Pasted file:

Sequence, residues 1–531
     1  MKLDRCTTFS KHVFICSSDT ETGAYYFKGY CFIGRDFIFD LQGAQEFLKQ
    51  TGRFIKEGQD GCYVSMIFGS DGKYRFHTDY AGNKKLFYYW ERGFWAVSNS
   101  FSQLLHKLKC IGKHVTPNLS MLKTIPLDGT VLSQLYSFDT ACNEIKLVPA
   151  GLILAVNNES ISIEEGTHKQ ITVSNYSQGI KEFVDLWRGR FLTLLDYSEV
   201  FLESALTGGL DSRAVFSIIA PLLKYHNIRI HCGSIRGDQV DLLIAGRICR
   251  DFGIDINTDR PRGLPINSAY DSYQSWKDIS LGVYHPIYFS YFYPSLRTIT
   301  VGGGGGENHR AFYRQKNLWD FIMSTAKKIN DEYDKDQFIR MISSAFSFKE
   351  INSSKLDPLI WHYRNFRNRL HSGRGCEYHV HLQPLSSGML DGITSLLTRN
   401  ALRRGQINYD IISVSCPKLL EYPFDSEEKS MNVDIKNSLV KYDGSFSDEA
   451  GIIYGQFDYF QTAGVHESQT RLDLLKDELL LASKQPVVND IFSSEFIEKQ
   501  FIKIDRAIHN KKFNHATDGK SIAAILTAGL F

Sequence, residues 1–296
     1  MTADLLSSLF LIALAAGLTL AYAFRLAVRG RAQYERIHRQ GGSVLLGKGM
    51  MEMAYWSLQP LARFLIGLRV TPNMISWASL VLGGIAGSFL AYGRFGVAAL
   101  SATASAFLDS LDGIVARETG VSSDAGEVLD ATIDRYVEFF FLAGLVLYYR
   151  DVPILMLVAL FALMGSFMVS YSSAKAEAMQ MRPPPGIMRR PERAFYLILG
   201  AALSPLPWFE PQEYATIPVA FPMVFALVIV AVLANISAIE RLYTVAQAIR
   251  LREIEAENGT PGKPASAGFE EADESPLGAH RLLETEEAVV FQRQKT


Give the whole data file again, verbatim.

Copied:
Sequence, residues 1–531
     1  MKLDRCTTFS KHVFICSSDT ETGAYYFKGY CFIGRDFIFD LQGAQEFLKQ
    51  TGRFIKEGQD GCYVSMIFGS DGKYRFHTDY AGNKKLFYYW ERGFWAVSNS
   101  FSQLLHKLKC IGKHVTPNLS MLKTIPLDGT VLSQLYSFDT ACNEIKLVPA
   151  GLILAVNNES ISIEEGTHKQ ITVSNYSQGI KEFVDLWRGR FLTLLDYSEV
   201  FLESALTGGL DSRAVFSIIA PLLKYHNIRI HCGSIRGDQV DLLIAGRICR
   251  DFGIDINTDR PRGLPINSAY DSYQSWKDIS LGVYHPIYFS YFYPSLRTIT
   301  VGGGGGENHR AFYRQKNLWD FIMSTAKKIN DEYDKDQFIR MISSAFSFKE
   351  INSSKLDPLI WHYRNFRNRL HSGRGCEYHV HLQPLSSGML DGITSLLTRN
   401  ALRRGQINYD IISVSCPKLL EYPFDSEEKS MNVDIKNSLV KYDGSFSDEA
   451  GIIYGQFDYF QTAGVHESQT RLDLLKDELL LASKQPVVND IFSSEFIEKQ
   501  FIKIDRAIHN KKFNHATDGK SIAAILTAGL F

Sequence, residues 1–296
     1  MTADLLSSLF LIALAAGLTL AYAFRLAVRG RAQYERIHRQ GGSVLLGKGM
    51  MEMAYWSLQP LARFLIGLRV TPNMISWASL VLGGIAGSFL AYGRFGVAAL
   101  SATASAFLDS LDGIVARETG VSSDAGEVLD ATIDRYVEFF FLAGLVLYYR
   151  DVPILMLVAL FALMGSFMVS YSSAKAEAMQ MRPPPGIMRR PERAFYLILG
   201  AALSPLPWFE PQEYATIPVA FPMVFALVIV AVLANISAIE RLYTVAQAIR
   251  LREIEAENGT PGKPASAGFE EADESPLGAH RLLETEEAVV FQRQKT